For me, this places all of humanity in a different light than that which is so often cast by our culture. We humans are a fearful and a distrustful lot by nature. There are far too many instances where other humans have proven to be dangerous for us not to be wary as we go about life. Our history is marked by the treachery and the oppressive acts of individuals, communities, and nations. We all, and to me this is a totally encompassing all wherein I dwell, consider groups of people as inferior or distrustful or even as enemies. The sort of thinking that leads to these prejudices is formed from our infancy and it is reinforced daily by our cultural discourse. It is virtually inescapable, and it is contrary to God’s will and to His design for righteous living in this world.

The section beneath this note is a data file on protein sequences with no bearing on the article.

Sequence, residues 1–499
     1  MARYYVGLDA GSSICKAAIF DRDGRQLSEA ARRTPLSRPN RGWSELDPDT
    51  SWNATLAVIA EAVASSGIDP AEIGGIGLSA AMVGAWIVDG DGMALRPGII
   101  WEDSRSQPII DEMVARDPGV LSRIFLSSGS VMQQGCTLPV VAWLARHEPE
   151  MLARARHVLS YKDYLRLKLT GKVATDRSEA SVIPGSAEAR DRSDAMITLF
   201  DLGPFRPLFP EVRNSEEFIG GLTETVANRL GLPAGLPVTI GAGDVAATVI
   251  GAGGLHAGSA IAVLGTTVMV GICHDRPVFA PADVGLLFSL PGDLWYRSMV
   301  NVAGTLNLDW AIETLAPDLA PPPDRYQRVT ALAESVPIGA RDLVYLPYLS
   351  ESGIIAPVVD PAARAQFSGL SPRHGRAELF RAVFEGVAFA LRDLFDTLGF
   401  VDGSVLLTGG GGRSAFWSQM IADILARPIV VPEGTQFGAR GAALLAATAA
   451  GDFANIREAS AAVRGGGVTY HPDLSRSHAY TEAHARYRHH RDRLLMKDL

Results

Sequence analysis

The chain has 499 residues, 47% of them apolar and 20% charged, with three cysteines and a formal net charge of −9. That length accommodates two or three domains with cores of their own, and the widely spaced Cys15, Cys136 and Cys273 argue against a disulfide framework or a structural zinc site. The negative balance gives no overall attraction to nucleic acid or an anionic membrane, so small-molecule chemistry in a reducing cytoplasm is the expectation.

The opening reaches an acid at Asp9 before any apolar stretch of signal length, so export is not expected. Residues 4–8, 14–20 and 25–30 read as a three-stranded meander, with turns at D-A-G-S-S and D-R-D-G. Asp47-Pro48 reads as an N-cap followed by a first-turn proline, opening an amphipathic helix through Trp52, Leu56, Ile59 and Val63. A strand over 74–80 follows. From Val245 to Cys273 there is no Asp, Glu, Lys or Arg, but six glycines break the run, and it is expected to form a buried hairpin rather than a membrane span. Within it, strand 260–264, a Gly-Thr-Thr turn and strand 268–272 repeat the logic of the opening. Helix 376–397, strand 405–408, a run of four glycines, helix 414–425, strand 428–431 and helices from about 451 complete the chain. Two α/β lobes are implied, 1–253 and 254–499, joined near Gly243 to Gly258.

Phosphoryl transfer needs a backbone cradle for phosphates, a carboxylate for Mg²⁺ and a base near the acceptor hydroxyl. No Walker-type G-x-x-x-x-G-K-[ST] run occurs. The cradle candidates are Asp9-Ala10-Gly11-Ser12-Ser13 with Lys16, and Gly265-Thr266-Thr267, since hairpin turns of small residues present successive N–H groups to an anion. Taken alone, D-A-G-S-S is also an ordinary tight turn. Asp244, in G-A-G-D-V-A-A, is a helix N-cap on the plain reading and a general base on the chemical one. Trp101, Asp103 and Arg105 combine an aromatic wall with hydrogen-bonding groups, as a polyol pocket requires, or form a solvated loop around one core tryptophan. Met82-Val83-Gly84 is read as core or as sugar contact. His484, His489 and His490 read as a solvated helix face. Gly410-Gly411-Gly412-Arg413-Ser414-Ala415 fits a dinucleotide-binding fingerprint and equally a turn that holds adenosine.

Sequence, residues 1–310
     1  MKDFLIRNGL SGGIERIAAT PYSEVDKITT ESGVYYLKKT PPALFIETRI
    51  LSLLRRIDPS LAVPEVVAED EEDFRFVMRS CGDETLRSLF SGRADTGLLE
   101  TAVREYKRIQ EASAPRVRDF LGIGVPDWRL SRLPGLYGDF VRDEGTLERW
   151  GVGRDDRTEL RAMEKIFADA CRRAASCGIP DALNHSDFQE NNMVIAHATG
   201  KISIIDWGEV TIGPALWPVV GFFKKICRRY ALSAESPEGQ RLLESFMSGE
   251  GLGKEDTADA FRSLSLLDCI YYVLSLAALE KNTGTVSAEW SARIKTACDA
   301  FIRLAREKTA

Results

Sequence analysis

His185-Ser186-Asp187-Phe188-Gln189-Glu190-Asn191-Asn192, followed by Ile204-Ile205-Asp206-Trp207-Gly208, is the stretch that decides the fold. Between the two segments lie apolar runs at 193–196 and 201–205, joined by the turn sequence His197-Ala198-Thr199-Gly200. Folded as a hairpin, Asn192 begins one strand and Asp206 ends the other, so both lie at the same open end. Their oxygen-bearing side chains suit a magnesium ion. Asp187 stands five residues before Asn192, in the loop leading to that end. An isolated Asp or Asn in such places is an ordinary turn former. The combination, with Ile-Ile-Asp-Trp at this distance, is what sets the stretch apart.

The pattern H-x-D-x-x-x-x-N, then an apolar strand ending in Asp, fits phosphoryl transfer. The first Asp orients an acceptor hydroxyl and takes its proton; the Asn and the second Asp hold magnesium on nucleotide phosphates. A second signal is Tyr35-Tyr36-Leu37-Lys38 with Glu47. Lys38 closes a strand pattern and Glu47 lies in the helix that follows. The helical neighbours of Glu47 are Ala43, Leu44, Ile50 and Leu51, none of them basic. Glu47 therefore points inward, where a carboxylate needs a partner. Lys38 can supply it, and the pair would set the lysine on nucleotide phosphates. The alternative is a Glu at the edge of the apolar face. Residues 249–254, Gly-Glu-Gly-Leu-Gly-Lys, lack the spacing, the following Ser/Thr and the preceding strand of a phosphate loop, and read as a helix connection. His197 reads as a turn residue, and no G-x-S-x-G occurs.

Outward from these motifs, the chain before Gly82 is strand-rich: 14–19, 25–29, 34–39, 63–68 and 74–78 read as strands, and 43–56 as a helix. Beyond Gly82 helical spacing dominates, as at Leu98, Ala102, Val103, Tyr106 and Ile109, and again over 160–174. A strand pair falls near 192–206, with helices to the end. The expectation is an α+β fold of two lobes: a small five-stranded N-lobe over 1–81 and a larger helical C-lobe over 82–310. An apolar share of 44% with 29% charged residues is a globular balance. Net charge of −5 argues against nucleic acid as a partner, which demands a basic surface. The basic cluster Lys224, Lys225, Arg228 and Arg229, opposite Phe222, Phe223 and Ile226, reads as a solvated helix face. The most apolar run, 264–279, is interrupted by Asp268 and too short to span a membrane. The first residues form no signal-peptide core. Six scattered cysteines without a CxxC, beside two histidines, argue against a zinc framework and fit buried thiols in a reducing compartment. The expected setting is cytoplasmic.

Although God created us in absolute equality and with an unbroken relationship with Him and with each other, we know that we listened to the voice of evil and rebelled against our Creator so that sin separated us from Him and from each other. To me, these facts make a powerful argument against the way that we think and act in our world. Our differences and the animosities that come about because of them are the direct product of our rebellion against God. In Christ we are called to go into our world and to do His work of spreading the truth of the Gospel so that people would believe in Christ and become His disciples. There are no racial, tribal, or other forms of restrictions or limitations on those people who Christ commands us to love and to share truth with. Christ’s only enemy is Satan, himself. Likewise, we should have no enemies in this world. Truth sets people free, and the truth that should free us from the bondage of the fear of others is the eternal one that sees all people as bearers of God’s image.